I was a stay-at-home mom for seven years. Then I became a full-time working mom with an unemployed husband and two children at home (and I continue to work full-time now as a single mother). Having experienced motherhood from both sides, I understand the challenges each set of circumstances presents. Neither situation is easy, and insensitive comments can make things even harder. So, here it is: my personal list of things not to say to stay-at-home moms.
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1. It must be nice not to have to work.
Stay-at-home moms don’t punch timecards, but we are on the clock 24/7. To suggest that raising children and running a household is not work can make us feel undervalued. Trust me when I say we are not lounging on the couch for hours on end watching soap operas and eating bon-bons—we are working hard to care for the physical, spiritual, and emotional needs of our families in a loving, safe, and secure environment.
Also, never assume that we stay home because our husbands earn oodles of money. Many families are making great sacrifices so Mom can be home with the kids.
2. What do you do with all that free time?
People who ask this question have either never experienced raising children or have forgotten what it’s really like. Babies and young children require almost constant attention. When my boys were little, I spent the majority of my day playing with them, teaching them, feeding them, bathing them, and making sure they didn’t hurt themselves or choke on something.
Even if our children are older, there are still mountains of laundry to fold, meals to prepare, shopping to do, doctor’s appointments to keep, and bills to pay. And we often devote a good portion of time volunteering at our children’s schools and elsewhere. If we are lucky, we will find an hour or two to study for the college course we are taking, prepare our Sunday School lesson, or go to the gym for a quick workout, because once the kids are home, our time is not our own. There are merit badges to work on, dance lessons to go to, and science projects to complete.
3. Since you have extra time on your hands, could you whip up a few dozen cupcakes for the class party tomorrow?
Yes, I understand that I probably have more free time than a mother who works a full-time job, but “whipping up” treats for parties or dinner for a sick neighbor isn’t always as easy as it sounds. It will most likely require me to make a trip to the grocery store that I hadn’t planned for, in addition to rearranging my schedule so I have time to cook. I am happy to help and serve when I can. But remember that just because I am a stay-at-home mom doesn’t mean I don’t have my day carefully planned. Nor does it mean I’m Betty Crocker.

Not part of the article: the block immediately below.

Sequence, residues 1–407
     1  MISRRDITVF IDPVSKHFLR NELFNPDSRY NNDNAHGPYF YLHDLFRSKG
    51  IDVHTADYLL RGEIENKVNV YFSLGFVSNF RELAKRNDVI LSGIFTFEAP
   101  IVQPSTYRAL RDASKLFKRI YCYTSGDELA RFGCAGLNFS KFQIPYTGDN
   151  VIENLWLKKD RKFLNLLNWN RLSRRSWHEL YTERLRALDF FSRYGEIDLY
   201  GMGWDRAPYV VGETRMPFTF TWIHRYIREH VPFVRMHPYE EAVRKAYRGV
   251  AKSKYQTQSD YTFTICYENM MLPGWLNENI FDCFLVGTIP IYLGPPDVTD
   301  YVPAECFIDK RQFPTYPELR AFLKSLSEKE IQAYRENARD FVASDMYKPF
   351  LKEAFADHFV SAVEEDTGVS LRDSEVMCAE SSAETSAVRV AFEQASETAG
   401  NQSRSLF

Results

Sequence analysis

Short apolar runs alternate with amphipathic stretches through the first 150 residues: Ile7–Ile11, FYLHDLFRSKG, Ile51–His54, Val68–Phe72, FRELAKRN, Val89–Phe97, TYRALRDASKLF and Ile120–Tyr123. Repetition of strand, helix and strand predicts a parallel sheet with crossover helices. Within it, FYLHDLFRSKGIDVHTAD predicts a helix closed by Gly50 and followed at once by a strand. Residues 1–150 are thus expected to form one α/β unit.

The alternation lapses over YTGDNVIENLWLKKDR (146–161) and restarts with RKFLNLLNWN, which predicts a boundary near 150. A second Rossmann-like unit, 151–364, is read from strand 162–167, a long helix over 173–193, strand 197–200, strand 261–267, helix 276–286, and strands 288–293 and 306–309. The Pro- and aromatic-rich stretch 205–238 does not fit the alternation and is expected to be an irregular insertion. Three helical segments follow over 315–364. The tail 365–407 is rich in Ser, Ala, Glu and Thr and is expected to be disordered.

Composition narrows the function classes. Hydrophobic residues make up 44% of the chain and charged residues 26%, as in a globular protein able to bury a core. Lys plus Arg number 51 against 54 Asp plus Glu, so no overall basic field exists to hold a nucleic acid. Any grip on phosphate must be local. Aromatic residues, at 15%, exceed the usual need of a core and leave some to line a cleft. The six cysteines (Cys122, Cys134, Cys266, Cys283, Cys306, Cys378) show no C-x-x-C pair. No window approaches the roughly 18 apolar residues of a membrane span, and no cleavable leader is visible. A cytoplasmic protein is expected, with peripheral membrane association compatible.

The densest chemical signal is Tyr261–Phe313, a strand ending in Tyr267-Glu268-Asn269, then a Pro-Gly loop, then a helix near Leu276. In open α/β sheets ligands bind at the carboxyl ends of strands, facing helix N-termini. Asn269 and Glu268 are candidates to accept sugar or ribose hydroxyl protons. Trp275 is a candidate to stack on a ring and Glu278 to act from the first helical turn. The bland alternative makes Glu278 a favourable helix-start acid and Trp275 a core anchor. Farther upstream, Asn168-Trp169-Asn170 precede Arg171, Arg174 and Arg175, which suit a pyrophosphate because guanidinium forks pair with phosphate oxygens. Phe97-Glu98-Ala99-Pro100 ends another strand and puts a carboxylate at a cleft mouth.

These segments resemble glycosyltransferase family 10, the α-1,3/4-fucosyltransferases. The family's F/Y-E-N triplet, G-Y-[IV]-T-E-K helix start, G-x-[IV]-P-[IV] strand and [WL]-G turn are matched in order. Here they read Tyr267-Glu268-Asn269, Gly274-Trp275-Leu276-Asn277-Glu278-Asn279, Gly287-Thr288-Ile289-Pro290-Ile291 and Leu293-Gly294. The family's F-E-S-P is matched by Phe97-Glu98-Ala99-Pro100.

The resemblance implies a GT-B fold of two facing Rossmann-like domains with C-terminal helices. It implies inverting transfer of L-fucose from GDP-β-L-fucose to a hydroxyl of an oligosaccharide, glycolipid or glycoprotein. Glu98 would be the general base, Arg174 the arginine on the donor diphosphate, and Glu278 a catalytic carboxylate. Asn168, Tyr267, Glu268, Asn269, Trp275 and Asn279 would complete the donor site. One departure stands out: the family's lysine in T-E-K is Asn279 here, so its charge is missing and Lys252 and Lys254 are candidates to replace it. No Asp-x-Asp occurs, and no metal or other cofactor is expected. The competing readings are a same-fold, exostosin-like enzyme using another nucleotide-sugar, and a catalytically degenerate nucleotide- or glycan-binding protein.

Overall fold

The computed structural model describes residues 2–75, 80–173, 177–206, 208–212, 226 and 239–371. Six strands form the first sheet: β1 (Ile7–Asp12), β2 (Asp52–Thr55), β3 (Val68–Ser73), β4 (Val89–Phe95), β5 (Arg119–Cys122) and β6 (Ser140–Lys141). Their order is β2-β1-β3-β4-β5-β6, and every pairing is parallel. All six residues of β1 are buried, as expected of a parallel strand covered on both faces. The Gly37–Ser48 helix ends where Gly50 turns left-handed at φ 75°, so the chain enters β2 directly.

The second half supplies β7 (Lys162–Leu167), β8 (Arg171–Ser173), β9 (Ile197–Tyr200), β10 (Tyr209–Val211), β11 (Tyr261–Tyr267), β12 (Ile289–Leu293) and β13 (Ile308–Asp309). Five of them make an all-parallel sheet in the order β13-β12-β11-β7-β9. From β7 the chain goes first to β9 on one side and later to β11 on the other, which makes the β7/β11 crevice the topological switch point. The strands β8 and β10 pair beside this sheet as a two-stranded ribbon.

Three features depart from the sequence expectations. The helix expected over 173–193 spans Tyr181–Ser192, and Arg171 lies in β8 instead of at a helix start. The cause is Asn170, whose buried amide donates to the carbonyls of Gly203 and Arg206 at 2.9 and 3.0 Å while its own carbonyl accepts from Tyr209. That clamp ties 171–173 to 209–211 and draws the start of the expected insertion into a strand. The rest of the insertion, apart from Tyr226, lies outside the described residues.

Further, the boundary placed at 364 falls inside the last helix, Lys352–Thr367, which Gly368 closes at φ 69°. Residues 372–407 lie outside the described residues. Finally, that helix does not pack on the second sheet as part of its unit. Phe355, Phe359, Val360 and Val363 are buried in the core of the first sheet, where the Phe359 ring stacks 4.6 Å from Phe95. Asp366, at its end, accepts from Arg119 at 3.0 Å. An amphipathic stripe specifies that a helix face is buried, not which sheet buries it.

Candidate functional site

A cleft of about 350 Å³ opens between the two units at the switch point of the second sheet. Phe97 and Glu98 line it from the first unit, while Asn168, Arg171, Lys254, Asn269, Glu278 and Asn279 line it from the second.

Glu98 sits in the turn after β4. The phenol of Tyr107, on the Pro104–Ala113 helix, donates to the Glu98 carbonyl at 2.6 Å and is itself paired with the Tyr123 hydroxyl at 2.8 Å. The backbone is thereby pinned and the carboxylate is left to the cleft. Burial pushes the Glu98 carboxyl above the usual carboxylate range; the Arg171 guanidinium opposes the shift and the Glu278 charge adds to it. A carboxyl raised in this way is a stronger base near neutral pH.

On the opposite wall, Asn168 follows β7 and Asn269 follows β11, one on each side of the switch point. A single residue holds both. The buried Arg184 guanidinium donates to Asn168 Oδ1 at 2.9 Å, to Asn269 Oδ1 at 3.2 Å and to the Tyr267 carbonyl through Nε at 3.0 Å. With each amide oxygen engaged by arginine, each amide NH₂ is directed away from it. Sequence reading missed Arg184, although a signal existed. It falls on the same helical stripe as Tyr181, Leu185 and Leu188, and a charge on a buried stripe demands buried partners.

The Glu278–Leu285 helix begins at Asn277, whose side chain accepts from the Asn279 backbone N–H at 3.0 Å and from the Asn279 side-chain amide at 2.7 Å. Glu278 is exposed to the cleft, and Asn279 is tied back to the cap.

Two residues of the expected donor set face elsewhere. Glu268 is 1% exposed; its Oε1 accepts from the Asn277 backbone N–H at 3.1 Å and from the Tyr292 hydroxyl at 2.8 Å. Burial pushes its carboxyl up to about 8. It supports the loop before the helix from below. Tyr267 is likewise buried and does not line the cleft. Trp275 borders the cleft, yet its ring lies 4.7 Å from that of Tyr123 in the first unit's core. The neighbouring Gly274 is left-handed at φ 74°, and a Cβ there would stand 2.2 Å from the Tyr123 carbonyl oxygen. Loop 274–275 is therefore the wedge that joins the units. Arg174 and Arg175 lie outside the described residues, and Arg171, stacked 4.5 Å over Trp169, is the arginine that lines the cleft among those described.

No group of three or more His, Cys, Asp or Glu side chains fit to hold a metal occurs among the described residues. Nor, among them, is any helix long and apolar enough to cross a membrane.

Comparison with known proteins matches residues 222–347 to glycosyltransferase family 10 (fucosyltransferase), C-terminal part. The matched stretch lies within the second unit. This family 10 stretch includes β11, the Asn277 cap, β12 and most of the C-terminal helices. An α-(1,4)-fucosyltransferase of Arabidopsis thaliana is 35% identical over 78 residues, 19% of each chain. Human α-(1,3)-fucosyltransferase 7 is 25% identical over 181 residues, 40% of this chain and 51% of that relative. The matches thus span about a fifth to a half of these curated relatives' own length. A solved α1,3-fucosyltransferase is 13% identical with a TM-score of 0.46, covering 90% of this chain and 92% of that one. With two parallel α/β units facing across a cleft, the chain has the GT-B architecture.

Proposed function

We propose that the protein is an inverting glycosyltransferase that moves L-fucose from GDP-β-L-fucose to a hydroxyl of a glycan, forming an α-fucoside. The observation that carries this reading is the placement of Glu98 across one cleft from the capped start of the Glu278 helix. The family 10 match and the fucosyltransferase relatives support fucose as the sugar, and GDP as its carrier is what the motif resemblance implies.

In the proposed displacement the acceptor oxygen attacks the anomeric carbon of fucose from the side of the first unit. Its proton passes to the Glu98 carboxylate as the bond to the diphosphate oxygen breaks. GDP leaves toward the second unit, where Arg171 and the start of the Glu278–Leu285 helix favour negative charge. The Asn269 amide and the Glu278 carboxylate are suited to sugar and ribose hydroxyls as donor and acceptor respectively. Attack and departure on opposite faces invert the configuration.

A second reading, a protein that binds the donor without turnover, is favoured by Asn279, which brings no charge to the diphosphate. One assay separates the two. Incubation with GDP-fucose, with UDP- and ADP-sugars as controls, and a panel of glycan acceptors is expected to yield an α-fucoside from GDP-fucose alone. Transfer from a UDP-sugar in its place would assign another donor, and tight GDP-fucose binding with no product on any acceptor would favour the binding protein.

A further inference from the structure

4. If you’re tired, why don’t you nap when the baby does?
This is a great idea in theory. However, when babies (or toddlers, for that matter) are sleeping, it is often my only opportunity to check a few things off my to-do list. This is when I load the dishwasher, fold laundry, scrub toilets, mop floors, and pick up toys. If there is enough time, I might even send an email or return a phone call or two.
5. I could never do what you do. I’d die without adult conversation.
Intentional or not, this statement implies that a stay-at-home mom is somehow not as intelligent as those who don’t stay at home with the kids all day. To be honest, as a stay-at-home mom, I did crave adult conversation and intellectual stimulation. While nurturing children is incredibly rewarding, don’t assume it means we don’t yearn to improve our minds and spirits, too.
6. I’m sure you’re not the only one who’s ever wasted money on a college degree.
I have yet to meet a stay-at-home mom who regrets getting a college education. To imply that it is being wasted is to imply that the sole purpose of an education is to earn money. An educated mother can enrich the lives of her children and set a great example for them. And yes, having a college degree is a lifesaver if unforeseen circumstances require her to unexpectedly enter the workforce (which is exactly what happened to me).
7. Huh, I thought your house would be spotless.
Even if I’m home all day, it doesn’t mean I have time to constantly clean my house. Maybe one of my children is sick. Maybe I am sick. Or maybe I decided my children needed my attention more than the kitchen sink filled with dirty dishes.
Whether I am a stay-at-home or working mother, I am a mother, and moments with my children—whenever I have them—are what carry me through the hard times and make everything I do worthwhile.